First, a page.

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Old 03-10-2011, 08:06 PM   #6
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I dunno I think it is just going to confuse the PID.

You might be better off just wiring in a 3-way switch so that you can switch between PID, off, and PWM.

I understand you don't want to spend any money, but switches are cheap (at least compared to a new PID) and it will definitely solve your problem.

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Old 03-10-2011, 08:30 PM   #7
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Quote:
Originally Posted by weirdboy View Post
I dunno I think it is just going to confuse the PID.

You might be better off just wiring in a 3-way switch so that you can switch between PID, off, and PWM.

I understand you don't want to spend any money, but switches are cheap (at least compared to a new PID) and it will definitely solve your problem.
Yes, the switch I need is cheap and that's the way I'm going to go. But the switch I convinced myself I needed wouldn't have been. As far as confusing the PID, that's not the part I would be worried about. If anything, the PID would try to fire the element more often which would just mean the PWM would get a more steady input signal. IF the probe returned a value under 100*C, the PID would just up the output. But since I'd be maintaining a boil, even that shouldn't be an issue. Worst case scenario, the PID would be all "Screw this, I'm turning this sucker on full blast." And the PWM would be like "Good show, old bean. But might I suggest a more rational heat output?" Hey... maybe I should write a comic strip about it.
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Old 03-10-2011, 10:53 PM   #8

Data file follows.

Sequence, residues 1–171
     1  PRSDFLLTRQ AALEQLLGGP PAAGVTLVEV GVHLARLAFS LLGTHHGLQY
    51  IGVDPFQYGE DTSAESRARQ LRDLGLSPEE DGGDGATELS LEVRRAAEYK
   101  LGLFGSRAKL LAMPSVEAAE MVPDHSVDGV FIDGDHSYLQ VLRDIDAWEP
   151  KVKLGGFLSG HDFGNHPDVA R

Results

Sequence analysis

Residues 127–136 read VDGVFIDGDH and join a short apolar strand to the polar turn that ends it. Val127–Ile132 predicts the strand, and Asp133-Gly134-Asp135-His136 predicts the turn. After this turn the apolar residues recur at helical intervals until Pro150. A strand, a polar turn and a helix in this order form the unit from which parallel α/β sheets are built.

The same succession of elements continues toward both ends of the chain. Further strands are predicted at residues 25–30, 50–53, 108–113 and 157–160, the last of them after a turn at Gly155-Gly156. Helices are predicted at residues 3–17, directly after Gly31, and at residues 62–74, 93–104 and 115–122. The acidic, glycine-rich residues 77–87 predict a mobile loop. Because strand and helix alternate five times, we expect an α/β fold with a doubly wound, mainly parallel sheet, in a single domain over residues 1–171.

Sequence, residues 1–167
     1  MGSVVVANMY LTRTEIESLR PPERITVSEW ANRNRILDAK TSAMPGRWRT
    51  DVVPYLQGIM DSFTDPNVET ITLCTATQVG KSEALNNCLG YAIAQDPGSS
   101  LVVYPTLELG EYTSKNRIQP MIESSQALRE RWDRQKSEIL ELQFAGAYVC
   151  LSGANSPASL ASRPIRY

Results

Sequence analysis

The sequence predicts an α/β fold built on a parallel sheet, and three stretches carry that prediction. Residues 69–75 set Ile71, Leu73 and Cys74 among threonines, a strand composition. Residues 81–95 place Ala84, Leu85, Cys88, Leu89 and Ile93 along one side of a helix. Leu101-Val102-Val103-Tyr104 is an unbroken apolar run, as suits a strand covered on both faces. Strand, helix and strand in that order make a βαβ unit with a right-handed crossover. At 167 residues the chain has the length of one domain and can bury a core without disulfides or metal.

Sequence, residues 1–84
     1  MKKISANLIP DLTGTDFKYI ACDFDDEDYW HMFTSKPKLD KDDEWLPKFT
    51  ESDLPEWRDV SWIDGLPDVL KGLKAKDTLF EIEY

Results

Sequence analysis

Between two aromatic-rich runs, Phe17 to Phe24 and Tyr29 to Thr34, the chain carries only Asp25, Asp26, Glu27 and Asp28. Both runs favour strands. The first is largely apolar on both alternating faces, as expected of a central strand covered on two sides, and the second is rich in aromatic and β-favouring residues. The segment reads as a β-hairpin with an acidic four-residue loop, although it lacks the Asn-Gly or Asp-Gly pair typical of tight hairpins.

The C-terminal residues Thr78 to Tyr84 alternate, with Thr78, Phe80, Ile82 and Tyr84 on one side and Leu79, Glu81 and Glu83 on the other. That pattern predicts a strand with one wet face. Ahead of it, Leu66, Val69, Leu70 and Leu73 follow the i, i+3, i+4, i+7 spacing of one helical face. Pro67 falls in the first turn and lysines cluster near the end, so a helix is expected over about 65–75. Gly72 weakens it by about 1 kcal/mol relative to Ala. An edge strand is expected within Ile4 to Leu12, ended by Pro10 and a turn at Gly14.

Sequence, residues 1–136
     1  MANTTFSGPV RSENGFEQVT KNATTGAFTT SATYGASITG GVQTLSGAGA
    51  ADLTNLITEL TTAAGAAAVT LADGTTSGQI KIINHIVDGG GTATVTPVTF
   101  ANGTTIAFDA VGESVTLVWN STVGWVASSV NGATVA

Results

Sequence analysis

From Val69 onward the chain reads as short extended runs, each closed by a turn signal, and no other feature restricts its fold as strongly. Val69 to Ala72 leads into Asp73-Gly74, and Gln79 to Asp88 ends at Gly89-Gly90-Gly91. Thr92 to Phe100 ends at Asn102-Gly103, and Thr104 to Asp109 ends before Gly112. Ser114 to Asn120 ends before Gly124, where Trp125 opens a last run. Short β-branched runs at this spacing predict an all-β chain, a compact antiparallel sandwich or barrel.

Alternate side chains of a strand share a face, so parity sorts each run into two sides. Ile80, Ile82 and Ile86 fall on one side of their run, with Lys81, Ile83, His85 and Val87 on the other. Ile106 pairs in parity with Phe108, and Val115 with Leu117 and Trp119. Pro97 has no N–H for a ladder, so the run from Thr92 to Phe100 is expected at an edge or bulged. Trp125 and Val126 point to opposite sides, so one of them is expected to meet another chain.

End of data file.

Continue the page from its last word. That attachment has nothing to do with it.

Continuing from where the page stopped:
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PID won't get confused. When he wants the PID really in control, the PWM will be set at 100%, so the PID will get what it wants. The PWM is totally tranparent in this case and passes SSR on with no changes.

When boiling, the PID just gets set to something over boiling temps and will just end up trying to run the element at full blast. The PWM then has a constant power source and can be used to dial down boil strength.

It's a good idea... If the PID can support the PWM's power needs.

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Old 03-11-2011, 01:47 AM   #9
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After thinking really hard about this What the op is describing is really an off-board manual mode addition to the PID. Manual mode in a PID is pulse width modulation; its actually quite genius!

But.... By the time you add a PWM circuit to the "inexpensive" PID you have already spent enough to buy an auber with manual mode. For the OP this is a viable option, but I would'nt suggest this method for a start-up.

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Old 03-11-2011, 02:02 AM   #10
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The PWM circuit will have a startup delay, so it would funk up the timing. For a low cycle speed it wouldn't be that big a deal but at anything over 10hz I think you would lose a lot of control.
Of course this is just an engineering assumoption based on experience with similar circuits, you'd have to do timing analysis to actually know what you would end up with.